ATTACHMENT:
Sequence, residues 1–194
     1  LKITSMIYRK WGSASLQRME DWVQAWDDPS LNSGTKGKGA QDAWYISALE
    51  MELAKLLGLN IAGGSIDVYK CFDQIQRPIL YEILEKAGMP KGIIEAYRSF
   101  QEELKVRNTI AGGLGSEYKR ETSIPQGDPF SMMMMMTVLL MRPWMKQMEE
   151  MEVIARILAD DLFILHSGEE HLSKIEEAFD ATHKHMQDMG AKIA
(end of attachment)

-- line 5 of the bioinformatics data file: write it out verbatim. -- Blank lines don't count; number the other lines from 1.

   151  MEVIARILAD DLFILHSGEE HLSKIEEAFD ATHKHMQDMG AKIA